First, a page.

Disturbing attitudes to philosophical treatment
This is a disturbing trend that sometimes surfaces amid forum discussions whenever philosophical points come up for discussion. The discussion and it's pursuance is usually a waste of time given the lack of knowledge exhibited by most devotees, but the attitude towards scriptural authority itself is a concern. One should do well to remember that even SB includes it in his "mission statement" to re-establish the authority of the Vedas and Shastras as his mission and educate humanity about them.
Besides that, the excuse is often made that since SB was born and raised in India it would naturally be the case that he affords importance to the Vedic body of scripture. As far as I know, this sentiment first openly appeared in David Bailey's book that he wrote when he was a devotee. I disagreed with it then just as I do now. To be devoted to an "avatar" such as Sai Baba means that you are affirming your belief that he is an incarnation of God. As such, would it be proper for any so-called devotee to subject the words of "God" to his own myopic and narrow relative standards? In other words, as far as the devotee is concerned, the word of his master is law and if Sai Baba makes it a priority in his mission to re-establish and affirm the authority of the Vedas and Shastras as he says, then the matter is final.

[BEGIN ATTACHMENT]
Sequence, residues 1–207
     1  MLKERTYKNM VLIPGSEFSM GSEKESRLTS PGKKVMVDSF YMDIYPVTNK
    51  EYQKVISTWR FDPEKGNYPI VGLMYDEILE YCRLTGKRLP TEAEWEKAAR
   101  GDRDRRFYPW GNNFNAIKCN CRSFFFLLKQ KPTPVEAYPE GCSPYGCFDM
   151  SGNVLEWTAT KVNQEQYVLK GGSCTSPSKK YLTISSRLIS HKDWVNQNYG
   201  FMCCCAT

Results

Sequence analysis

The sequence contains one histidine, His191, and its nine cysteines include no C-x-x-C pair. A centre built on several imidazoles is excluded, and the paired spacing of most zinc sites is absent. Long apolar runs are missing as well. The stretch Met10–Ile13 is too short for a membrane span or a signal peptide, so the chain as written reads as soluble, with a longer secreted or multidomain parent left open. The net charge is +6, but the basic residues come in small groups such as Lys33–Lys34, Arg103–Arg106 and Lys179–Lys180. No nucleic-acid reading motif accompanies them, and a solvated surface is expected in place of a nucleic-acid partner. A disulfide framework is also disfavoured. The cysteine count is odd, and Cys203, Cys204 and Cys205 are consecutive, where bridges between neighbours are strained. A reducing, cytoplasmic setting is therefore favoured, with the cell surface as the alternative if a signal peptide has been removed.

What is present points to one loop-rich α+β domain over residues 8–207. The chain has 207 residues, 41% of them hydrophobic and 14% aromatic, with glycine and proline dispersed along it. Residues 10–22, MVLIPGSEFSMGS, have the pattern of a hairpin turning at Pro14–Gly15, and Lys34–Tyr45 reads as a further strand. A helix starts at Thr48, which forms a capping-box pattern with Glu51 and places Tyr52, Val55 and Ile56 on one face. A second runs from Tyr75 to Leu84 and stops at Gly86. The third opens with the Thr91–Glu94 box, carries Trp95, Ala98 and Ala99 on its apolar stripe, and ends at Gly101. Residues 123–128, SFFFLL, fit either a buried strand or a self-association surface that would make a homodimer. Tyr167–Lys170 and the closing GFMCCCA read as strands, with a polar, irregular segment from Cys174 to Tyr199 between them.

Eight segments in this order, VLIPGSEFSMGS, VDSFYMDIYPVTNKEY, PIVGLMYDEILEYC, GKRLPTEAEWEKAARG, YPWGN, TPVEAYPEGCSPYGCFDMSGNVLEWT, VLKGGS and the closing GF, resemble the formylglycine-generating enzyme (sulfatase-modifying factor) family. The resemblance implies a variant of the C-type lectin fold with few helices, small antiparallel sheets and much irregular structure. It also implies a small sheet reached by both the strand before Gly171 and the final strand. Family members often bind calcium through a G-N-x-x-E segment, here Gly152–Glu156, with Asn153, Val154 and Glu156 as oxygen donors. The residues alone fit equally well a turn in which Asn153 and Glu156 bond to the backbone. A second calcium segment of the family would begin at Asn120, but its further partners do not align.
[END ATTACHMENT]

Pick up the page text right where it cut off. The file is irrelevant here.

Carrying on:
In this way, some SB devotees appear to have the impression that, upon reaching an "advanced" stage in their spiritual life, they have no further need for scriptural guidance and that it becomes obsolete or even irrelevant. They claim that this is the position of Vedanta also. This is a factual error for Vedanta says no such thing. In some circles it would even be considered a blasphemy to say such things.
What the Vedanta does say, however, is zAstra-yonitvAt (shaastra-yonitvaat). This is the third sutra of Vedanta, and it roughly means that God is the source of the scriptures and thus there are no other means of knowledge to seek God apart from them. Rather interesting, I'd say. And considering that this is the actual Vedantic position, I'd say that you'd be hard-pressed to find a scholar who'd agree that scriptural guidance becomes irrelevant at some point in time. For a start, this would render meaningless the claims to eternal guidance, as well as the fact that even fully-realised gurus who factually have no need of scripture (as they have attained realisation) would still follow scriptural rules for the purposes of setting an example for the populace to follow. As the Bhagavad-gita (3.21) says:
tat tad evetaro janaH
sa yat pramANaM kurute
lokas tad anuvartate
Whatever action a great man performs, common men follow.
And whatever standards he sets by exemplary acts, all the world pursues.
Since you rarely find a saint disobeying scriptural regulations, the conclusion is clear.
Copyright © Sai Baba EXPOSED! 2005-2007. Discuss this post!
Return To Main Page